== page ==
What is the best type of mortgage for me?
Ffinding the right property is only half the battle unless you can buy it entirely with cash. The other half is determining which mortgage is right for you.
Since you’ll be paying off your mortgage over a long period of time, finding a loan that meets your needs and fits your budget is essential.
When you borrow money from a lender, you enter into a legally binding agreement to repay the loan over a specified period of time.
Mortgages come in different shapes and sizes. Although the 30-year fixed rate mortgage is the most common, it is by no means your only option.
Your lenders will tell you about your income, credit history and the type of home you want to buy. They will then use this information to suggest loan options that are right for you.
Although the United States government is not a lender, it does guarantee certain types of loans that meet strict income, loan limit, and geographic area requirements. Here is an overview of the different types of mortgages available.
A loan that is not guaranteed by the federal government is called a conventional loan. Borrowers with good credit, a stable employment and income history, and the ability to make a 3% down payment can generally qualify for a conventional loan backed by Fannie Mae or Freddie Mac, two government-sponsored companies that buy and sell the majority of conventional loans. mortgages in the United States.
Borrowers generally require a 20% down payment to avoid having to pay for private mortgage insurance (PMI).
Conventional loans with low down payments and no private mortgage insurance are also available from some lenders.
Maximum lending limits set by the federal government apply to conforming loans. These restrictions differ depending on where you live. The Federal Housing Finance Agency has increased the basic conforming loan limit (CLL) for single-unit properties to $647,200 in 2022.
In some parts of the country, however, the FHFA sets a higher maximum loan limit. Indeed, home prices in these high-cost areas are at least 115% higher than the base lending limit.
Due to loan size or underwriting guidelines, Fannie Mae and Freddie Mac are unable to sell or buy non-conforming loans. The most common type of nonconforming loan is the jumbo loan.
Since loan amounts usually exceed conforming loan limits, they are called jumbo loans.
Since these loans are riskier for a lender, borrowers generally need to have more cash, a 10-20% down payment, and excellent credit.
Government-Insured Federal Housing Administration (FHA) Loans
When low-to-moderate income buyers can’t qualify for a conventional loan, they often turn to loans insured by the Federal Housing Administration (FHA). Borrowers can pay as little as 3.5% of the purchase price of their home.
Credit score requirements for FHA loans are less stringent than those for conventional loans. The FHA, on the other hand, does not lend money directly; instead, it guarantees loans made by FHA-approved lenders.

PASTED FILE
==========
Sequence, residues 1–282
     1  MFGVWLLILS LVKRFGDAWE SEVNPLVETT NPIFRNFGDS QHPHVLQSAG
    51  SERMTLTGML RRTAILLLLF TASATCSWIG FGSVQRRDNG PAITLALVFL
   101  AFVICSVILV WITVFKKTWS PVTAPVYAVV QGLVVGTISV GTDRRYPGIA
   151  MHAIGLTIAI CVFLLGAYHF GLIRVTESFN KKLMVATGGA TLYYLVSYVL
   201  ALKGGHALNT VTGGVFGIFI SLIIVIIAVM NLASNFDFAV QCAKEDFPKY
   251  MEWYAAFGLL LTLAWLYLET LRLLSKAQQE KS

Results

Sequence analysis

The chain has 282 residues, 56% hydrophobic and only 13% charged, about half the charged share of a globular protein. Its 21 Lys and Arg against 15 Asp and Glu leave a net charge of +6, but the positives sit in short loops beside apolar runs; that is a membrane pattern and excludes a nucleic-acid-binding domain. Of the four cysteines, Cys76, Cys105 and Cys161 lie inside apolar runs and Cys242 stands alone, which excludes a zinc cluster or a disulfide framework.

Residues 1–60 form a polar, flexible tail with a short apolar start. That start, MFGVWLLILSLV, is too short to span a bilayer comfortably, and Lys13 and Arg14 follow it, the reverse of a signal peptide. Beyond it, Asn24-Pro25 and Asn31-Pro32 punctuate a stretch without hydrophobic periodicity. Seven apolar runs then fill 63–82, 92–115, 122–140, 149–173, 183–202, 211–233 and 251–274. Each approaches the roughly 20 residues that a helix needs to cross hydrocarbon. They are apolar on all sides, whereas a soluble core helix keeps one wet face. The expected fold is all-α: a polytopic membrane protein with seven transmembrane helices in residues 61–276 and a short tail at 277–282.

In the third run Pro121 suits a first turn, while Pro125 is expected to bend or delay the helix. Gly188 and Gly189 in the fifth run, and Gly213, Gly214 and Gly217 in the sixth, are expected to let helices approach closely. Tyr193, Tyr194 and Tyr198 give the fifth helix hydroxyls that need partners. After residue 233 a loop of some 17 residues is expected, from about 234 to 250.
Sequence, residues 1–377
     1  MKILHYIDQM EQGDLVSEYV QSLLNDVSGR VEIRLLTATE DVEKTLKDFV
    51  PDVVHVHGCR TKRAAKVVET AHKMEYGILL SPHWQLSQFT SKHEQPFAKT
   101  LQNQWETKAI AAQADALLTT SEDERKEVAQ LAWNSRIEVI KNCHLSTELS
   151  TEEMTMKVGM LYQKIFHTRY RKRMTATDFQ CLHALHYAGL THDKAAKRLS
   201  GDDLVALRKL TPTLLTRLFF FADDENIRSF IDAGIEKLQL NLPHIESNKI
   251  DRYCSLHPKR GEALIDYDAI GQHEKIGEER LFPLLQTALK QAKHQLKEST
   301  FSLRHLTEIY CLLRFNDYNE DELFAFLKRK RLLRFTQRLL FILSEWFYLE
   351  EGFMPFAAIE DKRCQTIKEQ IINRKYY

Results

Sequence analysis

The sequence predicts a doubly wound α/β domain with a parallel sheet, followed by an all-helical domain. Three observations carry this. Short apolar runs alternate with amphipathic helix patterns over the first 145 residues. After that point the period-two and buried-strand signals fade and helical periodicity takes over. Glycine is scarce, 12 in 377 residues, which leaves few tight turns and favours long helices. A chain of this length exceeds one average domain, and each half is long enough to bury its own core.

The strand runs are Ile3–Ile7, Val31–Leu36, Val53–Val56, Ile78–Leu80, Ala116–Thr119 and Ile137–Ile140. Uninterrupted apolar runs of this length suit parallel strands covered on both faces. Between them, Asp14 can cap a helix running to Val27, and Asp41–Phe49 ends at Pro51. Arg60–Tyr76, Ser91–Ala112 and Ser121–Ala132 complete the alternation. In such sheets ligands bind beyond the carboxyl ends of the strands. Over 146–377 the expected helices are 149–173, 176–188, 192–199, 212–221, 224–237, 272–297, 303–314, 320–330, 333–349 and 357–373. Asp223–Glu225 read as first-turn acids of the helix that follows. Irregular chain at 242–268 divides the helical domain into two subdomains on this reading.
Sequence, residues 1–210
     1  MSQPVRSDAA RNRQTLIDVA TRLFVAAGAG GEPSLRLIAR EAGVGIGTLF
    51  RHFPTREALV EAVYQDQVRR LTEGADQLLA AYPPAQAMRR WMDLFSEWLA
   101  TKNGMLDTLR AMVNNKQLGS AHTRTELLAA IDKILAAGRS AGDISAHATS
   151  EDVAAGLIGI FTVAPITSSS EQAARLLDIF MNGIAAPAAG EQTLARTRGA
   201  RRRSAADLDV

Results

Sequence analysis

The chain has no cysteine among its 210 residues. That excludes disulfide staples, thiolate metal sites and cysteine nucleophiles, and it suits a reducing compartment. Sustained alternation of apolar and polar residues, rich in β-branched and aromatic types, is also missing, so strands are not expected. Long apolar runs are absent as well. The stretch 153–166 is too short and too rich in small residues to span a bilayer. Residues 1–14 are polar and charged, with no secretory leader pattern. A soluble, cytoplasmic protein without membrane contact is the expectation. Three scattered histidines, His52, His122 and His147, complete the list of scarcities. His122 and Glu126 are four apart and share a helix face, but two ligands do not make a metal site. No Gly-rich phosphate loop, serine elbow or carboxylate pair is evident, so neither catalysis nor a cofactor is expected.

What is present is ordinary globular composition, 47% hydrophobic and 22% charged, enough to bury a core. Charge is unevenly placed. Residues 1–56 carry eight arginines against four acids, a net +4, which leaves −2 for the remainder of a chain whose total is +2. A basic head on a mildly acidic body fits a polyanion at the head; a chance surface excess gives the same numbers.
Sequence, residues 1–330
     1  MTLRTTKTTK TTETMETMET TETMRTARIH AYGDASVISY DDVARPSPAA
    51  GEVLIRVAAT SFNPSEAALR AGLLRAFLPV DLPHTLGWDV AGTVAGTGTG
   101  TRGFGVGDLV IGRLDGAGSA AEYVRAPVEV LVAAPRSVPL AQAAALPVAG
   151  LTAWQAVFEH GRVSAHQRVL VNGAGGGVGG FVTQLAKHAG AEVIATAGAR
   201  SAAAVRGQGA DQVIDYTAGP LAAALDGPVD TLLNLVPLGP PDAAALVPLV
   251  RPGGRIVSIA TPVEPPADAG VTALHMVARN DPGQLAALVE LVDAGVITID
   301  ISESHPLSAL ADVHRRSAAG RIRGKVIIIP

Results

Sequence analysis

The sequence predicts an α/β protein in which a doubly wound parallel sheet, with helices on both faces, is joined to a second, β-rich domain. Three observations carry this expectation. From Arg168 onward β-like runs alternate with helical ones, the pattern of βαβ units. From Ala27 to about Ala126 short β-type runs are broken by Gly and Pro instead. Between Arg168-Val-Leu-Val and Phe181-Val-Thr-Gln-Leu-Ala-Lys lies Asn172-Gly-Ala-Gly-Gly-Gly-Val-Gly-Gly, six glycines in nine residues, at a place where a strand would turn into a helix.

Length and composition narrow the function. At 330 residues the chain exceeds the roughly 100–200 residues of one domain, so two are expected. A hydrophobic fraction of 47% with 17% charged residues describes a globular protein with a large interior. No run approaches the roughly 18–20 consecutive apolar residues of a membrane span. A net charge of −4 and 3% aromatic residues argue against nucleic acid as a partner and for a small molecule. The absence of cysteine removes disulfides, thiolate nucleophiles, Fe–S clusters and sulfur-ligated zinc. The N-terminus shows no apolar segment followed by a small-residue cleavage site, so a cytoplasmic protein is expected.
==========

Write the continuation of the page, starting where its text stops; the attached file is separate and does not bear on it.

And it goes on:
FHA loans have a downside. Throughout the life of the loan, all borrowers pay an initial and annual mortgage insurance (MIP) premium, which is a type of mortgage insurance that protects the lender against borrower default.
Government Insured Veterans Loans (VA)
Homebuyer loans are backed by the US Department of Veterans Affairs (VA) for qualified military personnel, veterans, and their spouses.
Borrowers can finance the entire loan amount with no down payment required. Other benefits include lower closing costs (which the seller can cover), better interest rates, and no PMI or MIP.
A finance charge, which is a percentage of the loan amount, is charged for VA loans to help offset the cost to taxpayers. Financing fees are determined by your category of military service and the amount of your loan. Funding fees are waived for the following service members:
- Veterans Receiving VA Benefits for a Service-Related Disability
- Veterans who would be eligible for VA compensation for a service-related disability if they were not receiving retirement or active duty
- Surviving spouses of veterans who died in service or from a service-related disability
- A service member with a proposed memo or memorandum stating eligibility for compensation due to a claim prior to release
- A service member who received the Purple Heart
VA loans are ideal for active military and veterans, and their spouses, who want highly competitive terms and a mortgage product tailored to their specific financial needs.
United States Department of Agriculture (USDA) government-insured loans
The United States Department of Agriculture (USDA) supports loans to help low-income buyers in rural areas access homeownership. As long as the properties meet USDA eligibility rules, these loans require little to no money for qualified borrowers.
USDA loans are best for homebuyers in eligible rural areas who have low family income, little money set aside for a down payment, and who otherwise cannot qualify for a conventional loan.